Late last year, California experienced terrible—and in the case of the October Tubbs Fire, record-setting—wildfires. The fires were especially intense due to an unusually late start to the rainy season, which left vegetation dry as seasonal mountain winds kicked up like bellows in a forge.
This year, the situation has repeated.
The Camp Fire in Northern California not only broke last year’s all-time record for structures burned, it also broke a much older record for the deadliest wildfire in the state’s history. And in Southern California, the Hill and Woolsey Fires have burned through homes on the north side of Los Angeles.
So what is going on with these extreme fires? Are they just chance or part of a trend? President Trump, via his Twitter account, has repeatedly blamed California for its fires and claimed that environmental policies for water use or forestry are somehow responsible. But these claims make no sense to anyone working in the state—or anyone who knows that forest fires aren’t put out by hose-carrying fire engines. In reality, many factors contribute to the current situation. And climate change is one of them.
Ready to burn
Wildfires are all about dry fuels—the grass, brush, and trees that fires consume. When a forest is dry as a tinder box, a spark (whether lightning or electrical-line malfunction) or wayward flame can start a blaze. If a grass fire encounters mid-sized “ladder fuels,” it can burn hotter and climb into the forest canopy, transforming into a monstrous inferno.
This year, California’s autumn rains have been well below average; this followed a hot summer in which forest fuels reached record levels of dryness. Normal amounts of rain at the start of the wet season typically bring an end to the fire season, but, when that doesn’t happen, California’s weather brings in a unique risk.
At this time of year, high atmospheric pressure often sets up inland over higher-elevation land, with low pressure offshore. That means winds—known as the Diablos in Northern California and Santa Anas farther south—blow downslope over the Sierra Nevada mountains and out to sea. The winds can be extremely strong, but they’re also warm and dry. Just as moist air cools as it rises and eventually forms clouds that drop rain, sinking air heats up and its relative humidity drops.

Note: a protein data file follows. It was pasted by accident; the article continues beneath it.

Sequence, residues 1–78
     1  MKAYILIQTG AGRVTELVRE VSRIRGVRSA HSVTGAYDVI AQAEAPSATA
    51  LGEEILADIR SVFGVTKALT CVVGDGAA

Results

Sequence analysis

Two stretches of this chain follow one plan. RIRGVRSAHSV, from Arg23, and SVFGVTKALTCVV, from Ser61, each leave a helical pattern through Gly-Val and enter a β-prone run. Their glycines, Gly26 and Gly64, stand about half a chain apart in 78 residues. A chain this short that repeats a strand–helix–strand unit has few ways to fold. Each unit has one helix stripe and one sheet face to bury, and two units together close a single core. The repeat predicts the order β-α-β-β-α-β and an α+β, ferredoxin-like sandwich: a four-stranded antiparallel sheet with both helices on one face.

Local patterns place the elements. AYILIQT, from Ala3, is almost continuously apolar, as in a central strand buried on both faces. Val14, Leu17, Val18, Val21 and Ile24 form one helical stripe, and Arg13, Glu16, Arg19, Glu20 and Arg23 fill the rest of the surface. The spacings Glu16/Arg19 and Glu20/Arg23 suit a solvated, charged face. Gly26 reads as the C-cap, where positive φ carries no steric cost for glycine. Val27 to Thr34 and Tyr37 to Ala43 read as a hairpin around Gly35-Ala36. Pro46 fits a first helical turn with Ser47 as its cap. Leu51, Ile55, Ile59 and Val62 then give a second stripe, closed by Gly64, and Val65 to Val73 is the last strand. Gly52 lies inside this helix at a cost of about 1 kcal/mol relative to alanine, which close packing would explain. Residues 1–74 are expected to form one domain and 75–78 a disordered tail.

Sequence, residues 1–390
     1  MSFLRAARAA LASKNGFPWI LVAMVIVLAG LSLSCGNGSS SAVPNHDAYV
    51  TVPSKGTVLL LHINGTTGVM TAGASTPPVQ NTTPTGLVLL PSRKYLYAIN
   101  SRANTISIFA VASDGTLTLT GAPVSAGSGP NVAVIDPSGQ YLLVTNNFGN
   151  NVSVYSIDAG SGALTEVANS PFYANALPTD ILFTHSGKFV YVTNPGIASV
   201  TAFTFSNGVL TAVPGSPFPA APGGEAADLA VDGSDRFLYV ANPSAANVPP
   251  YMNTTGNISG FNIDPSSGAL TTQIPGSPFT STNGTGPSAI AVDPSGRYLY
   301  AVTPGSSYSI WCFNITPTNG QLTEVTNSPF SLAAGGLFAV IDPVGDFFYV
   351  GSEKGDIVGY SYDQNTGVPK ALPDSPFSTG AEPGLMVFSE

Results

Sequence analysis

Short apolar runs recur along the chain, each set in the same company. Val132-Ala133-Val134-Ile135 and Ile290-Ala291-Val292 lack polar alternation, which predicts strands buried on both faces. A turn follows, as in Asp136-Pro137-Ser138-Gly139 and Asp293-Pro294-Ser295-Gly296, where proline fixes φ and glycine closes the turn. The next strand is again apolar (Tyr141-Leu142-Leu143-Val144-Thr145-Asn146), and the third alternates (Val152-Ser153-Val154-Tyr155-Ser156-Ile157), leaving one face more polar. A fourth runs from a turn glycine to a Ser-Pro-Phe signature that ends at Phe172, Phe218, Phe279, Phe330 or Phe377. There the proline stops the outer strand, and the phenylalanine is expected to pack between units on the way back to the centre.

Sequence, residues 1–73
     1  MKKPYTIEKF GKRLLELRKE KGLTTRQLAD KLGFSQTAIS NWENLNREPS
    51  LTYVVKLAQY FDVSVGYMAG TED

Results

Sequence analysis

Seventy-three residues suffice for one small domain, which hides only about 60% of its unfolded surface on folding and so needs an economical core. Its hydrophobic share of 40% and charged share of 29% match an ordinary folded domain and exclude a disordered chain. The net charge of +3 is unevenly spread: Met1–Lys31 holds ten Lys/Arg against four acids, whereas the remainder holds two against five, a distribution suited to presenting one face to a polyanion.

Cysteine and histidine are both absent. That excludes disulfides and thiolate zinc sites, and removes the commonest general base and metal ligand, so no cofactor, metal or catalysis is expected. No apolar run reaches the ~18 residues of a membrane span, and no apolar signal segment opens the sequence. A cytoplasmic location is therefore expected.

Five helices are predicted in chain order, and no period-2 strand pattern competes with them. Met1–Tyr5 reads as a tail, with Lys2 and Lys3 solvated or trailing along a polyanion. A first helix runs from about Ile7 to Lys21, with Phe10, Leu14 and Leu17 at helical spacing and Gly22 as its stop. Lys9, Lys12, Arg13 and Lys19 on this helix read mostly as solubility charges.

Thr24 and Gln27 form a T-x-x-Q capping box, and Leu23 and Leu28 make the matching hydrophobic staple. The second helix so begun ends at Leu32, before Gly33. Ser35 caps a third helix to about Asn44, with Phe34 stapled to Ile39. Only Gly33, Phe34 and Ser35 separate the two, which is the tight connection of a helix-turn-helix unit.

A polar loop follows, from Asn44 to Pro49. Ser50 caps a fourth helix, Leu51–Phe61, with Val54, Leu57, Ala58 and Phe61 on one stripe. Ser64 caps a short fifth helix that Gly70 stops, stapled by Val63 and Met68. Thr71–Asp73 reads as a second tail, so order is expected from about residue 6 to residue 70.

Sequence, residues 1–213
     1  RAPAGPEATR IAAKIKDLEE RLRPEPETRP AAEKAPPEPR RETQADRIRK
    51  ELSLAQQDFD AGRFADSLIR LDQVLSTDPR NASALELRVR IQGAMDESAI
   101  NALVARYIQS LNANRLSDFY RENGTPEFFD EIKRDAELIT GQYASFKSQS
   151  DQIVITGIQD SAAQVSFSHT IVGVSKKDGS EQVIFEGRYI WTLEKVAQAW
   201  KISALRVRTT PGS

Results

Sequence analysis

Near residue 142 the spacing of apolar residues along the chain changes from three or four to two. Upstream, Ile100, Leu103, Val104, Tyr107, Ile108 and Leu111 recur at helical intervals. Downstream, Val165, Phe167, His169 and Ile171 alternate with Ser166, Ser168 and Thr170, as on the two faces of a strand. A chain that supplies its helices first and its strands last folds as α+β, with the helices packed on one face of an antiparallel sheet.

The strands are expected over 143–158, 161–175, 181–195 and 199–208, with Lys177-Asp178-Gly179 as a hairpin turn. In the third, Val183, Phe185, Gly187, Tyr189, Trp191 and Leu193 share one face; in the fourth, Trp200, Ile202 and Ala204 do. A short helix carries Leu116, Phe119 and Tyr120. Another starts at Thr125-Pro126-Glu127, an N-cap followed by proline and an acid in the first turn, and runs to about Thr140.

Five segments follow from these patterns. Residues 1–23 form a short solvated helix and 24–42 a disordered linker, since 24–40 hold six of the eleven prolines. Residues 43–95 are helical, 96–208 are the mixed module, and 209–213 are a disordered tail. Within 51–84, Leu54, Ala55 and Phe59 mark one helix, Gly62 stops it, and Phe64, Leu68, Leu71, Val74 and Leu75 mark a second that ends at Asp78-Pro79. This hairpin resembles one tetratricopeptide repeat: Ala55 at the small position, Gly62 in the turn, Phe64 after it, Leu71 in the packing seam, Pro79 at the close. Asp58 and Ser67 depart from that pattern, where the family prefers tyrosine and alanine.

On Sunday, for example, a weather station at the Santa Rosa airport north of San Francisco recorded the arrival of winds blowing seaward. In two hours, the temperature rose 30°F while the humidity dropped from 75 percent to 13 percent.
These winds supercharge wildfires and send them racing out of control. They also explain the patterns of drifting smoke in the last few days. The Camp Fire is well inland of the San Francisco Bay Area, but the winds have carried much of the smoke there en route to the sea, which is reflected by air quality data. The Hill and Woolsey Fires near Los Angeles, on the other hand, occurred (literally) on the coast. That smoke plume largely headed offshore rather than into the lungs of LA residents.
Humans vs. humans vs. nature
Precipitation is naturally variable in this area, but there are some relevant climate trends that can’t be ignored. Temperatures are obviously rising, which can translate to stronger evaporation drying out fuels. (That’s true across the American West.) California’s rainfall, meanwhile, seems to be becoming more concentrated in the middle part of the rainy season—meaning a declining trend in fall precipitation. That doesn’t mean the nightmare scenario of 2017 and 2018 is going to happen every year from now on, but it does mean it’s probably getting easier to roll the weather dice and end up with snake eyes.
Climate change is not the only contributing human factor, though. As in other areas of the US, a 20th-century policy of putting out all wildfires as quickly as possible led to a build-up of brush and smaller trees. Instead of more frequent (but less intense) surface fires, this accumulated fuel leads to large forest fires. (Correcting this change in forest character is a primary aim of modern management efforts.)
Additionally, the continuing encroachment of urban and suburban development into wild lands causes problems in a couple of ways. First, development puts more homes and humans in harm’s way when a fire does occur. And second, it puts more human in proximity to fuel, increasing the risk that we’ll accidentally start a blaze. That includes internal combustion vehicles and equipment as well as electrical transmission systems. (A transmission-line malfunction is currently being investigated as a possible source of the Camp Fire.)
All of this adds up to a wicked, dangerous, and expensive problem that won’t go away on its own. But at least with rain starting to appear in the forecast for parts of California, residents can start looking forward to an end to the 2018 fire season—hopefully before any more records fall.